After falling for seven consecutive months, the US national Case-Shiller home price index finally showed gains in February and March. But according to economic research firm Capital Economics, the decline in the housing market is far from over.
In their latest report, researchers from Capital Economics point out that the rise in house prices in February and March was due to higher demand resulting from lower mortgage rates earlier this year. But that will prove to be short-lived.
“Rates have since returned to near two-decade highs set in October, sending demand down to its lowest level in nearly 30 years,” the report said.
Economists suggest that due to high mortgage rates and a weakening economy, house prices will start falling again later this year.
“We expect the capital value of apartments to plunge another 20% in 2023 and 2024, resulting in a peak-to-trough drop of around 25%.”
It’s a scary picture. But not everyone shares the same vision.
“A big beneficiary on the way to the exit”
Billionaire investor Stanley Druckenmiller recently said that housing “obviously fell dramatically given the 500 basis point rise in interest rates.”
But that’s not catastrophic, as the investment legend noted that there is now a “structural shortage of single-family homes.”
“So if things got bad enough, I could actually see that housing — which is pretty much the last thing you would intuitively think about — could be a big beneficiary on the way out,” Druckenmiller said. .
The reality is that no matter what, people will always need a place to live. Meanwhile, high mortgage rates mean it’s less possible to own a home. And when people can’t afford a home, renting becomes the only option. This creates a stable rental income stream for landlords.
But you don’t have to buy a house to start earning rental income.
Be greedy when others are afraid
Publicly traded real estate investment trusts (REITs) own income-generating properties and pay dividends to shareholders. As the housing market faces uncertainty, Wall Street still sees a big upside in these residential REITs.
Mid-America Apartment Communities Inc. (NYSE: MAA): Mid-America Apartment Communities is a REIT primarily focused on apartment communities in the high growth Sun Belt region of the United States. At the end of the first quarter, it held an interest in 101,986 apartments, including communities under development. With a quarterly dividend rate of $1.40 per share, the REIT offers an annual yield of 3.6%. Goldman Sachs analyst Chandni Luthra has a buy rating on Mid-America and a price target of $180. Given that the shares are trading today at $153.25, the price target implies a potential upside of 17%.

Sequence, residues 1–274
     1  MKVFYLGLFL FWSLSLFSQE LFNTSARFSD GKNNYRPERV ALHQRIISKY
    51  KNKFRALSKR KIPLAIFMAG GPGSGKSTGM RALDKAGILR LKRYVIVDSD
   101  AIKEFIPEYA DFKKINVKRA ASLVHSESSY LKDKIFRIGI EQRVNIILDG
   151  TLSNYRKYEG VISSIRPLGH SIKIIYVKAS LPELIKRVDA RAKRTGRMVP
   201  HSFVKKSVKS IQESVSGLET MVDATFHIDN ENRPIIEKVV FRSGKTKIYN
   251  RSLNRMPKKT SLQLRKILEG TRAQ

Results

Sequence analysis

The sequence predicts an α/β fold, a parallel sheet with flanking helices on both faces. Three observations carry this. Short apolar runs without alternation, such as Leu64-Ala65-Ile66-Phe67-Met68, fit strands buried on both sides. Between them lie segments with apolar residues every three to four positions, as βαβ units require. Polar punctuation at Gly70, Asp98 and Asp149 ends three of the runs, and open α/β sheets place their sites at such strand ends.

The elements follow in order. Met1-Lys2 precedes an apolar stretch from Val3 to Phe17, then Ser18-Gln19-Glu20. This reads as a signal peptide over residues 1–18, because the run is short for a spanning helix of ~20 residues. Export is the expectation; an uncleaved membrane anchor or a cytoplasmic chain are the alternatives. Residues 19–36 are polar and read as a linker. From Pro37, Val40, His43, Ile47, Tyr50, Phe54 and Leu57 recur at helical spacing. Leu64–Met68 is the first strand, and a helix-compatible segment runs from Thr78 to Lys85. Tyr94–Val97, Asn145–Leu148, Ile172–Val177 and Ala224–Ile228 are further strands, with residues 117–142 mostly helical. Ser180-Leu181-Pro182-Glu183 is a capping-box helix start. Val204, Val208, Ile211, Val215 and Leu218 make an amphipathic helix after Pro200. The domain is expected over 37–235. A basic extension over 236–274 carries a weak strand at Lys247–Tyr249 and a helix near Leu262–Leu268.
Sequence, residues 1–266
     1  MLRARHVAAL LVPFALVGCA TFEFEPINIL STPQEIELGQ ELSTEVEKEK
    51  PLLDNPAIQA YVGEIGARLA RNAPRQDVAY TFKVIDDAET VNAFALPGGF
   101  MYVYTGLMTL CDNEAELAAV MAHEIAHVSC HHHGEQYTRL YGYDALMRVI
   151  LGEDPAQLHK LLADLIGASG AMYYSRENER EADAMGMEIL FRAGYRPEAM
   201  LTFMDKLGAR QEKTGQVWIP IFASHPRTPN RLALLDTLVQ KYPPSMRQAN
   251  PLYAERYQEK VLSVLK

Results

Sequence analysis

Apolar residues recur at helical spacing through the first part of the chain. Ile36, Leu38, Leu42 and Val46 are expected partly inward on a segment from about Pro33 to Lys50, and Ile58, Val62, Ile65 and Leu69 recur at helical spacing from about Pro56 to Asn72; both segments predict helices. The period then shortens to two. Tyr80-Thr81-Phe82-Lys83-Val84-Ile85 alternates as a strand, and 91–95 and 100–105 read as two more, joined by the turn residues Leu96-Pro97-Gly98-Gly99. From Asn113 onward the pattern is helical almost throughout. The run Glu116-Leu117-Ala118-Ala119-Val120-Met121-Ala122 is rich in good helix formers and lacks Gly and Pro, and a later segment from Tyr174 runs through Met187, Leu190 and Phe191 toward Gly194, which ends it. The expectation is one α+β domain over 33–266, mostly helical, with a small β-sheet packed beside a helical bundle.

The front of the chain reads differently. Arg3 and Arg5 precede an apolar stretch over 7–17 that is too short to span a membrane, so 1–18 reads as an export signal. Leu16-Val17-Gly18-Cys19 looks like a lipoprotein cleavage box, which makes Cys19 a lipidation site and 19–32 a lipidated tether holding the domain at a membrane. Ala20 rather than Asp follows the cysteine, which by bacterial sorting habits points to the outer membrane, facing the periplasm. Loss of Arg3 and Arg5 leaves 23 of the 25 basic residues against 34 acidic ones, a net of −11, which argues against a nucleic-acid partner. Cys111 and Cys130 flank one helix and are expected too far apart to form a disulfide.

AvalonBay Communities Inc. (NYSE: AVB): AvalonBay Communities is an apartment REIT that focuses on metropolitan areas in regions it believes are characterized by job growth in high-wage sectors and lower housing affordability. These regions include New England, New York/New Jersey Metropolitan Area, Mid-Atlantic, Pacific Northwest, and Northern and Southern California. The stock has jumped 17% since the start of the year and Truist Securities analyst Michael Lewis sees more potential on the horizon. The analyst has a buy rating on AvalonBay and a price target of $211, about 11% above the stock’s current position. AvalonBay offers an annual dividend yield of 3.5%.
Camden Estate Trust (NYSE:CPT): Camden Property Trust owns, manages, develops and acquires multi-family apartment communities. As of April 30, its portfolio consisted of 172 properties totaling 58,702 apartments. The REIT pays quarterly dividends of $1 per share, which translates to an annual return of 3.6%. Barclays analyst Anthony Powell has an overweight rating on Camden and a price target of $137, implying a potential upside of 22%.
Income investors are attracted to REITs because they are some of the best performing names in the stock market. But remember that publicly traded REITs, including those that focus on apartment buildings, are always subject to the ups and downs of the stock market. If you don’t like the volatility associated with publicly traded REITs, there are options to invest in rental properties with as little as $100 on the private market.
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This article U.S. Apartment Values “Will Plunge Another 20%,” Economists Say, But Wall Street Still Sees a Major Upside in These REITs – Get Greedy When Others Fear? originally appeared on Benzinga.com
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